This past week I hosted two Peace Corps Trainees for their host volunteer visit. They are halfway through pre-service training, a month down and a month to go until they are sent off to various parts of Fiji to serve. I’m real excited for this new group – fresh faces, plenty energy.
I always love any excuse to show off my site, Sabeto. Frankly, it’s awesome, and it’s that simple.
I met the two, Charles (a very chill Californian) and Ethan (a happy-go-lucky Kansan) in Nadi on Tuesday afternoon, and we filled our arms with groceries. We decided to dine before we did their sevusevu, and so I made my signature spaghetti, which seemed to have gone down well. Then we started grogging at 6:30. At 8, I just managed to catch my man Don before he took off for the hot springs, and we went to the village meeting in Narokorokoyawa to ask for help for our dictionary project.
We continued grogging at the village hall, and when it came our turn, Don and I spoke on the dictionary. There were disappointingly but unsurprisingly few people/elders at the meeting, but the momo ni yavu (clan chief) offered his help. Next week, we’ll go to the village meeting in Koroiaca, on the other side of the village, which is a bigger village and is usually better-attended. Anyway, Ethan, Charles, Don and I hung out at the village meeting for a few hours, slinging back the grog, until 10 or 11 or so, and went home for washdown (a few beers) and sleep.
On Wednesday, we started off with school work – Sister Margaret, a Catholic nun, came to work with the nonreaders, and sent the better-off kids to us to read books one-on-one. We read with kids for about two hours, and when Sister Margaret left, we went around the village, saying hi to folks and checking out our badass chief’s bure. Then we lunched, and chatted with Don, whom agreed to go to the hot springs with us. We took the lead, heading to the farm, to kick it with the guys there and just see what it was all about.
Livai was busy at the farm, but Veni and Krishnil/Chodhtu showed us around. Ethan was real into it, seems he wants to get involved in ag stuff. Good stuff. I asked if we could help with anything the next day, and they said to come in the morning. After, we went on to the hot springs, possibly the greatest perk of my site. Ethan and Charles did the mudbath part, and I took the obligatory photos. Then we all relaxed in the hot springs, and Ethan fooled the kids and me with a fake nose-breaking trick.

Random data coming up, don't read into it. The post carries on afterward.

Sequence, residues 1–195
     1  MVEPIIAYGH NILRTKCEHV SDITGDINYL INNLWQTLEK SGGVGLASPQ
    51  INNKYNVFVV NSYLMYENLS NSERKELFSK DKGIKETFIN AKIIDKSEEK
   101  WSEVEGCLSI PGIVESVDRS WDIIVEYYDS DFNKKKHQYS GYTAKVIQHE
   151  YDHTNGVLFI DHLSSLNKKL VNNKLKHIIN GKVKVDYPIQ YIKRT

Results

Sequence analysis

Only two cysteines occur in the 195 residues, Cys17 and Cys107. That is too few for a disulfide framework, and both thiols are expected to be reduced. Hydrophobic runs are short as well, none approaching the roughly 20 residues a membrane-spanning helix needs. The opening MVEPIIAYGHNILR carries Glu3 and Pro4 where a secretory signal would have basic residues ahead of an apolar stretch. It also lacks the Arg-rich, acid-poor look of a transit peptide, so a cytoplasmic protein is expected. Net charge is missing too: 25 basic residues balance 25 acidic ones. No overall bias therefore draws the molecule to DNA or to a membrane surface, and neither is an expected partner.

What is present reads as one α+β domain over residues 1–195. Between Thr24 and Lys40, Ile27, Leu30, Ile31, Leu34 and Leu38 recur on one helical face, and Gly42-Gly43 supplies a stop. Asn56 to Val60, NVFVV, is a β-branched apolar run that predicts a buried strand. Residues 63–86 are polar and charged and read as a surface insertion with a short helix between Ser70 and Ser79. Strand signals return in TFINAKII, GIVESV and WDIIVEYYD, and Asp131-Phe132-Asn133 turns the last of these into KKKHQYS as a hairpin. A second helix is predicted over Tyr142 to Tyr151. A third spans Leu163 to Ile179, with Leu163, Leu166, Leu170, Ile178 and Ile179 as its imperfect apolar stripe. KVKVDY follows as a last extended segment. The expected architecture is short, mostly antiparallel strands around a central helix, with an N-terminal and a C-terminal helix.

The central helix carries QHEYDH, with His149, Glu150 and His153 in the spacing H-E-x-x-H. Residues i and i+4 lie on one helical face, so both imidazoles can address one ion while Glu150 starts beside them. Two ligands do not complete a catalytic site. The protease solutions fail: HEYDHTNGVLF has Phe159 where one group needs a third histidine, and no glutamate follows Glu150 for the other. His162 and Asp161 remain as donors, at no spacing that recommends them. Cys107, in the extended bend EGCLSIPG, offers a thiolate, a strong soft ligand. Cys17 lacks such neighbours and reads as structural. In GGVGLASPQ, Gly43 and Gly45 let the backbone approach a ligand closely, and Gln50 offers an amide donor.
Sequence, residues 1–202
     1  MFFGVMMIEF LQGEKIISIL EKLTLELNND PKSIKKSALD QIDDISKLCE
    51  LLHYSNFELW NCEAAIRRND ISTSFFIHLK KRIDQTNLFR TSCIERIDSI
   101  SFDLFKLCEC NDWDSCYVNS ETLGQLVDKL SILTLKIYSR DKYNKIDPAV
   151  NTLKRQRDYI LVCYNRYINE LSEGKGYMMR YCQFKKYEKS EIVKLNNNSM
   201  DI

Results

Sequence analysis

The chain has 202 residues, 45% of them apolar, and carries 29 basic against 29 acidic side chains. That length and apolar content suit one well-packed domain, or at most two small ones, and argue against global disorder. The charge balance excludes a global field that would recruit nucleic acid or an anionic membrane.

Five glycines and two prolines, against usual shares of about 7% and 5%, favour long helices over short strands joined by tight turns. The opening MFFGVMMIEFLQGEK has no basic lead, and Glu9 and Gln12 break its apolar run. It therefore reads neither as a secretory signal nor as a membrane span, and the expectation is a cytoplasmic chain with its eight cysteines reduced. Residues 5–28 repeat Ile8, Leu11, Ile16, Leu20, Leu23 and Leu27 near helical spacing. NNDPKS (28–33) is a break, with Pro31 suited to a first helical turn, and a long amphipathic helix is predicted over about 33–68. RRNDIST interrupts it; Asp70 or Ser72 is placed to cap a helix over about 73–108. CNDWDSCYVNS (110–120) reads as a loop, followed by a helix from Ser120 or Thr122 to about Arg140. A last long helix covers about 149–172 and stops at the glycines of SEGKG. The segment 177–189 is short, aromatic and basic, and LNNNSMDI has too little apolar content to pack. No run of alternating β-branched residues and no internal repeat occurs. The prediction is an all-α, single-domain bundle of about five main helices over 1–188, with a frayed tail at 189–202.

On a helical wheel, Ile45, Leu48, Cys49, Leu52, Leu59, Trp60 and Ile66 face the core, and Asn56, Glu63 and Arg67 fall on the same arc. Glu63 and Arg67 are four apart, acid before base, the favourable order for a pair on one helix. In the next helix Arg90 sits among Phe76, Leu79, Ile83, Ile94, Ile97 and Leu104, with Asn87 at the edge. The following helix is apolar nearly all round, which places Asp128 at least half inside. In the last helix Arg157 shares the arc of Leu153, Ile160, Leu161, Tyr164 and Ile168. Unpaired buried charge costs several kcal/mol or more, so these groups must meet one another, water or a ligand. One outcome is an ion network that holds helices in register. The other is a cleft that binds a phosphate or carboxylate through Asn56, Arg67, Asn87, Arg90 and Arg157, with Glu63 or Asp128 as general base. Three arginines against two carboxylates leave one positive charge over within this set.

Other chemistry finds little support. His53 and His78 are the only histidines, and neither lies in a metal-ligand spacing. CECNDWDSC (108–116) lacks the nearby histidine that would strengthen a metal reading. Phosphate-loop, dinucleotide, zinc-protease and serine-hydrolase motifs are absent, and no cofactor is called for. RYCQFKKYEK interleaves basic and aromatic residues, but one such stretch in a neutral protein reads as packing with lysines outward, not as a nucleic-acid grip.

Caught the bus back, only the driver decided to go to Lautoka instead of the village, and dumped the busload of folks at the junction while it was raining. Things happen. So we walked to the village junction and I paid a driver two dollars to take us to the school. Made tuna burgers with tomato and cheese, which also went down well (you’ll soon see why I’m bragging about these successful meals). We hung out, slept.
Thursday morning we woke up a bit late but headed to the farm, where we helped Chodhtu with the compost cooking – they steam composted pig manure to kill the seeds and bugs – and Chodhtu got us some bu (drinkable coconuts) in exchange for Ethans help in dumping the heavy compost bags. Instead of waiting two hours for the steam to rise, we decided to check out Lautoka and get a nice restaurant meal. The boys got themselves some hamburgers (though not as jumbo as hoped for) and we checked out the seawall. Then we caught a movie – The Martian, I recommend it – and bussed back to Sabeto.
Then I decided to go a little nuts, and tried to make moca (kinda like spinach) soup. I just chopped it and added water and put it on to boil. After nearly an hour, the question was raised of what exactly was happening with the soup, and my soup-making was revealed to be a fraud. ‘Twas merely spinach water. Charles attempted to save it, but it was past redemption. We managed to choke down more than half of it, though, and I am confident the compost pile will be greatly appreciative of the rest.
Friday morning we watched the assembly and I dropped them at the bus station on the road. Overall, it was a fun experience. I’m excited to have new volunteers around – there should be two to four in Lautoka and possibly one in a village near Nadi. If I extend, I will be with these volunteers until we COS together.
It’s also nice to have fresh energy and perspectives. They are open, curious, optimistic, all excellent things. Plus Ethan left me a big jar of Skippy peanut butter, so that was real nice, and one of my students walked by selling some cheap honey, so my condiment game is back on.
This morning I went to church after skyping Dan, who starts basic training with the military tomorrow, but the church was full and I didn’t feel like sitting on the pavilion outside so I wandered around until I found some kids on a mat under the tree. Perfect, napped away the grog from the last two nights – until a crawler began bawling, and my attempts at soothing him failed.
I’ve got a lot to do this week – get back on my dictionary game, work at the farm, restart computer classes, replace one of the vines I hung from my window. Generally speaking, I’m feeling good, and comfortable in my place. I still sometimes just feel like staying home and reading a book or the news, but forcing myself to go out to the village – such as the marriage function on Friday night – is usually a very good thing to do. I love grog – because the social pressure to talk feels lower, even though people may tell me “talanoa, Tomasi”, a few hours into the grog everyone is very relaxed and nothing really matters. You can make a joke or just listen to others’, it all works.